Estrogen Replacement Therapy and Female Athletes
Department of Obstetrics and Gynaecology, University of Alberta, Royal Alexandra Hospital, Edmonton, Alberta, Canada. Sports Medicine
(Impact Factor: 5.04).
02/2001; 31(15):1025-31. DOI: 10.2165/00007256-200131150-00001
Physicians commonly recommend estrogen replacement as treatment for exercise-associated amenorrhoea. While the evidence shows that the basis of the amenorrhoea is estrogen deficiency, it is not clear that it is the only factor in the development of lowered bone density found in oligo-amenorrhoeic female athletes. Nutritional factors, significant in the development of the reproductive dysfunction, could also contribute to bone loss. No randomised, controlled studies of estrogen replacement in athletes have been published. However, one nonrandomised study of a small group of athletes does suggest that there are significant gains in bone density to be made by the initiation of estrogen therapy. More research is clearly needed.
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ABSTRACT: Sacral stress fractures are an underrecognized cause of low-back and gluteal pain in distance runners. The combination of low bone density and increased activity blurs the boundary between fatigue and insufficiency fractures in many runners. MRI is the preferred radiologic technique because of its ability to localize the site of injury and rule out tumors, disk disease, or sacroiliitis. By identifying the condition early, clinicians contribute to a favorable outcome and help most athletes return to full activity in 12 to 14 weeks.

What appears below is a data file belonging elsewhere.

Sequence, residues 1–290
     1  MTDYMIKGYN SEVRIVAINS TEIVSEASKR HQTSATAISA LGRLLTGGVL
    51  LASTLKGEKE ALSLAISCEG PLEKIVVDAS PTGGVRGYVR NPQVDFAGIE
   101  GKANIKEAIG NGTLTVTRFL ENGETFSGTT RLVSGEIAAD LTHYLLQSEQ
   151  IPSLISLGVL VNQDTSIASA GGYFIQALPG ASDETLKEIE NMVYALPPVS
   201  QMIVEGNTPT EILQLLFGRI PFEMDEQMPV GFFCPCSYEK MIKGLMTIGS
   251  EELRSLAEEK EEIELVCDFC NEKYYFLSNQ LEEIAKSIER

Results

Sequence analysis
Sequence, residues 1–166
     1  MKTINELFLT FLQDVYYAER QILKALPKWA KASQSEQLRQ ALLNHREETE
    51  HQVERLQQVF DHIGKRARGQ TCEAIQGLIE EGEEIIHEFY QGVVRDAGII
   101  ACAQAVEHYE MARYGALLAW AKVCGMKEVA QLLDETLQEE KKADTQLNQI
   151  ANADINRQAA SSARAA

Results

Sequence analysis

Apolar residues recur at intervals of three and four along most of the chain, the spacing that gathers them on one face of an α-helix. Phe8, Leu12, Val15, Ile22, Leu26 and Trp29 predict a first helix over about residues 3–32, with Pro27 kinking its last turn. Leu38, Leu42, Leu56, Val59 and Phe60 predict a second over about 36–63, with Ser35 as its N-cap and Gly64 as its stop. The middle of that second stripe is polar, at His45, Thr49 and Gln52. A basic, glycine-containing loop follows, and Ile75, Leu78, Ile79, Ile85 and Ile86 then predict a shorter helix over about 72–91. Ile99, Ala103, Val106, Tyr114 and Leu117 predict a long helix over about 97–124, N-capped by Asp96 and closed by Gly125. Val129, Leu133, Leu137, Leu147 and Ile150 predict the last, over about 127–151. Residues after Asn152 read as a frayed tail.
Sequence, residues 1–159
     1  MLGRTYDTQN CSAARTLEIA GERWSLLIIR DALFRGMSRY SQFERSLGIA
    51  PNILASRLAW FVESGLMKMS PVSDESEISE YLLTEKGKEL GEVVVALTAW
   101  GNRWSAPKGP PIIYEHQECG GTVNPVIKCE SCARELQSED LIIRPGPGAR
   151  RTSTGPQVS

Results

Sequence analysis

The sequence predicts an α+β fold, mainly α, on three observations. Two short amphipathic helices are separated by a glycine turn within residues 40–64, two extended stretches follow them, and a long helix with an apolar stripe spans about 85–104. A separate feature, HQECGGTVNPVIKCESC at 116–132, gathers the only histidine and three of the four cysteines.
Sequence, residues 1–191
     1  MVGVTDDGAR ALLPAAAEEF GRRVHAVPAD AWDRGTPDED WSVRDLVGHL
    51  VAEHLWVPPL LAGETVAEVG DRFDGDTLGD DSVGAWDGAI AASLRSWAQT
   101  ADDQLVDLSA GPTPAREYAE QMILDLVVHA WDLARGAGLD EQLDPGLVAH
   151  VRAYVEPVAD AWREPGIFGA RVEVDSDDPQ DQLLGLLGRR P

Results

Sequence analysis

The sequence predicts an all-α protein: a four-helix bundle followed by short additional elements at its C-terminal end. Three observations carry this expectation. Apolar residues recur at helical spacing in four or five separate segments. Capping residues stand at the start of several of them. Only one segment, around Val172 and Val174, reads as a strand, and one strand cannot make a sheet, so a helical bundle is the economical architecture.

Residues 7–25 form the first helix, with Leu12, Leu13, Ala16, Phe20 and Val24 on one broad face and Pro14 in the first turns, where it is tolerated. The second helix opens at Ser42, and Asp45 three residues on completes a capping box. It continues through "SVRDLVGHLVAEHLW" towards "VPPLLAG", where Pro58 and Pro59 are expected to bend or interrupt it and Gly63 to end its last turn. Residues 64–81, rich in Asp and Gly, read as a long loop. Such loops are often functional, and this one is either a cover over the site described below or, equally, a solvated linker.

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ABSTRACT: There is a lack of knowledge regarding the effects of estrogens on physical performance. This is related, in part, to the challenge of isolating the effects of estrogens from those of progestins, because levels of both hormones fluctuate across the menstrual cycle, both decline during the menopausal transition, and the administration oh hormones to hypogonadal women typically involves a combination of estrogens and progestins. Some research findings suggest that fluctuations in estrogen levels acutely influence factors that may affect physical performance, such as substrate utilization or maximal aerobic power, but solid evidence is lacking. The simple observation that hypogonadism is not uncommon among elite athletes in some sports suggests that estrogen deficiency does not have a major negative impact on athletic performance. However, chronic hypogonadism may ultimately lead to impaired performance by menas that are not necessarily obvious. For example, chronic estrogen deficiency has potent, deleterious effects on the skeleton that can increase risk for stress fracture and may limit the ability to sustain a high level of physical training. Estrogen deficiency also appears to promote fat accumulation and may accelerate the loss of fat-free mass, and both of these changes in body composition could impair physical performance. There is evidence that hormone replacement attenuates the negative effects of hypogonadism on body composition and bone density, and that effects are mediated primarily by estrogens rather than progestins. Further research is necessary to broaden the understanding of the role of the estrogens in physical performance.
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